TABLE 5______________________________________             a: Thickness                        b: Thickness             of β Free                        of β Free             Layer on   Layer on Insert             Flat Portion                        Edge Portion                                  RatioSample Composition (μm)    (μm)   b/a______________________________________L     WC-4% HfN-  30         40        1.3 2% TiC-6% CoM     WC-4% TiN-  25          0        0 4% TiC-6% Co______________________________________ L: Inventive Sample M: Comparative Sample

These samples L and M were also subjected to evaluation of cutting performance. Cutting conditions for the evaluation tests were similar to the cutting conditions 3 and 4 of Example 2. Table 6 shows the results of the evaluation tests.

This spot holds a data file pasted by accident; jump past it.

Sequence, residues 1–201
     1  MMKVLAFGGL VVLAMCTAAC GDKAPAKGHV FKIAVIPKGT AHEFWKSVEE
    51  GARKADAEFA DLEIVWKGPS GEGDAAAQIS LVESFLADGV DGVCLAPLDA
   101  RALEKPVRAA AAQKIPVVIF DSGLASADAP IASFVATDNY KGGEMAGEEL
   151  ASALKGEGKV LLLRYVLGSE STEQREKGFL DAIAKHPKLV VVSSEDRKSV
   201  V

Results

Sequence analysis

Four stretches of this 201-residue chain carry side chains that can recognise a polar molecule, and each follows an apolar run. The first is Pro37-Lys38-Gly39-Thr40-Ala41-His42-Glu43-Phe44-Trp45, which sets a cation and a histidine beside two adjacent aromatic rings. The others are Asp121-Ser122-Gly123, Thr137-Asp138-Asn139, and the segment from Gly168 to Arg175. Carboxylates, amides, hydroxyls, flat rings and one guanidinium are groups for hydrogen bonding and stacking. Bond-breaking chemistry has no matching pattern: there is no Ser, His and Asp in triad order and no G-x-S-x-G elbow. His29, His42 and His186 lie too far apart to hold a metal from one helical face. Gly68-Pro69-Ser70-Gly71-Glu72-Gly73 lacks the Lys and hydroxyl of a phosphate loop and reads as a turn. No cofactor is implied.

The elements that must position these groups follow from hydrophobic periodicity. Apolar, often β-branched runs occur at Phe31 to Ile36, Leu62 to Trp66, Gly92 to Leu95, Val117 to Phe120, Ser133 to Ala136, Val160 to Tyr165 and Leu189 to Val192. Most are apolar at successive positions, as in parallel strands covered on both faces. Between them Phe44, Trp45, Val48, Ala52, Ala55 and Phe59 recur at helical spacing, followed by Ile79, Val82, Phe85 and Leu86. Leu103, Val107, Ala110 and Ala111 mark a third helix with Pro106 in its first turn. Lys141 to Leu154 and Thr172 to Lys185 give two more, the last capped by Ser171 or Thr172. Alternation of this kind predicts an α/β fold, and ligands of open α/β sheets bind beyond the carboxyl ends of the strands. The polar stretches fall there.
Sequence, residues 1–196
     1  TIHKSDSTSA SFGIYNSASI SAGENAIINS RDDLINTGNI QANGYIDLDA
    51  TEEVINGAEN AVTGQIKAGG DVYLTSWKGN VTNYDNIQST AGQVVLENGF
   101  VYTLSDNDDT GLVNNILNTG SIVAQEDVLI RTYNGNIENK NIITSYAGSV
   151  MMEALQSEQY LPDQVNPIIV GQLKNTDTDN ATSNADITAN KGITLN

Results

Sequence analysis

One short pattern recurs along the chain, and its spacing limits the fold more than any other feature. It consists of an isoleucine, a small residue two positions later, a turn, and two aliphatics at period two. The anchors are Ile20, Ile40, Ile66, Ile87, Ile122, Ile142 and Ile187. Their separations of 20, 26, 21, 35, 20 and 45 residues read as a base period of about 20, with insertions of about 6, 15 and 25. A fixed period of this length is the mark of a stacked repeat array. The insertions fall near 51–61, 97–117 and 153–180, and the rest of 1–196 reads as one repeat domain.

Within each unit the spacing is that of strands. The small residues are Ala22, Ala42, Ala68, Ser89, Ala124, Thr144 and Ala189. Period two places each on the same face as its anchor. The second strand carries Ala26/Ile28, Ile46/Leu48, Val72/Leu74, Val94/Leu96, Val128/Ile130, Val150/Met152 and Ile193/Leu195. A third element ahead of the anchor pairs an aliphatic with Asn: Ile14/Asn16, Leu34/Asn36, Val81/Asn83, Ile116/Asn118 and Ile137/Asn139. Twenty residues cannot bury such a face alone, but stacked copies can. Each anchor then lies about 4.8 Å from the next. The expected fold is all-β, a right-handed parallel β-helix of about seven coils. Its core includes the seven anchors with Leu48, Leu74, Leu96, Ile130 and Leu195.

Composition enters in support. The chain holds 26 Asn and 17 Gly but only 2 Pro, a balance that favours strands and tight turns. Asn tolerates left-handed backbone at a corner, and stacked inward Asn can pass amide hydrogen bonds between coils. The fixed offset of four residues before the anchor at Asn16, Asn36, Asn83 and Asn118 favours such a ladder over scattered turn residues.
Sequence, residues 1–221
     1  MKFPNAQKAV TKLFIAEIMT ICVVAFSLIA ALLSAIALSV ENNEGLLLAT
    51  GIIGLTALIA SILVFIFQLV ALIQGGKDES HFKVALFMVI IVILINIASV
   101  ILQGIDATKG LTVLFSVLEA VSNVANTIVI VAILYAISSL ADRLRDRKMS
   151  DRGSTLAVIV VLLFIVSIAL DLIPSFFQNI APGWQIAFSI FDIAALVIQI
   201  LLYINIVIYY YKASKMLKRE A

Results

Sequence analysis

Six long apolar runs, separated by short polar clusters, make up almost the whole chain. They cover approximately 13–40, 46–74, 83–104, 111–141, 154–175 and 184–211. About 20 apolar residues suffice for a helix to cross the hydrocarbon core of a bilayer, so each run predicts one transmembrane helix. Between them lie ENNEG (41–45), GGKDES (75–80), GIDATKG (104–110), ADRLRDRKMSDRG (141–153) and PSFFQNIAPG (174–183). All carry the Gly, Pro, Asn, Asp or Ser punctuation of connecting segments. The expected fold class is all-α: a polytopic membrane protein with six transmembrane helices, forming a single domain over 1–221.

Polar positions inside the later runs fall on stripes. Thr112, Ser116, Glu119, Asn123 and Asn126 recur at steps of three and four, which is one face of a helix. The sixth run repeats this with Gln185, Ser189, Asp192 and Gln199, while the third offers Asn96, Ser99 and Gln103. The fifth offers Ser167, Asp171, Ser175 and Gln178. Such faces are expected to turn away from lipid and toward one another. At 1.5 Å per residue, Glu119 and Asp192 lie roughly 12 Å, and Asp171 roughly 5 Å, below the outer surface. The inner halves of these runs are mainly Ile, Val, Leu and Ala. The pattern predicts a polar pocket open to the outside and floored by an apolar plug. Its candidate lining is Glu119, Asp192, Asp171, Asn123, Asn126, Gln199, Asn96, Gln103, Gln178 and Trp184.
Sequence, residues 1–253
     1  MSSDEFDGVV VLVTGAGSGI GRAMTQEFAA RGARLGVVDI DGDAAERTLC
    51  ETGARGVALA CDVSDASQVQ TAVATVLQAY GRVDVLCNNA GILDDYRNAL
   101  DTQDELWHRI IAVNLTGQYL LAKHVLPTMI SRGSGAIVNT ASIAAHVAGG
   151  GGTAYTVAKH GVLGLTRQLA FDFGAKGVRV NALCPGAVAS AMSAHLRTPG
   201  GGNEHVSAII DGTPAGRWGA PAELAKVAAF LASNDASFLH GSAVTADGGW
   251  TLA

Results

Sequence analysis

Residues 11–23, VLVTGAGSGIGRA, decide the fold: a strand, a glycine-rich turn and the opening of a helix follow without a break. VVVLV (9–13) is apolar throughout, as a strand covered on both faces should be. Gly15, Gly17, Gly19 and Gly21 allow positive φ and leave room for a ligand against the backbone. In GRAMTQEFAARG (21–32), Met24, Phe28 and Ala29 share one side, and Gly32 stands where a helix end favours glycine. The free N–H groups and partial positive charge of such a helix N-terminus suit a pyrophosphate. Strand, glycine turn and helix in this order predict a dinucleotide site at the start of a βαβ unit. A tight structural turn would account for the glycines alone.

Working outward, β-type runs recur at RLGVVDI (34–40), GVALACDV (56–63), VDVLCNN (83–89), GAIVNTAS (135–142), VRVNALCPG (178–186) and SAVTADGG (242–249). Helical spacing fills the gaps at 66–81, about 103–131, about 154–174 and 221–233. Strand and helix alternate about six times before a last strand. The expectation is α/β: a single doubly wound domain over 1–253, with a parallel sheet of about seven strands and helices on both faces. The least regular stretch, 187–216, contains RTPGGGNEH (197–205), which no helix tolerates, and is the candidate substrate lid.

TABLE 6______________________________________      Flank Wear under      Cutting Conditions 3                    Chipping RateSample     (mm)          (%)______________________________________L          0.175         20M          0.180         90______________________________________

As understood from the results of evaluation shown in Table 6, the samples L and M were approximately equivalent in wear resistance to each other. However, it was confirmed that the sample M was extremely inferior in chipping rate to the sample L. The sample M was deteriorated in chipping rate since its hard phase contained no metal component selected from carbides, nitrides, or carbo-nitrides, of Zr and/or Hf.

EXAMPLE 4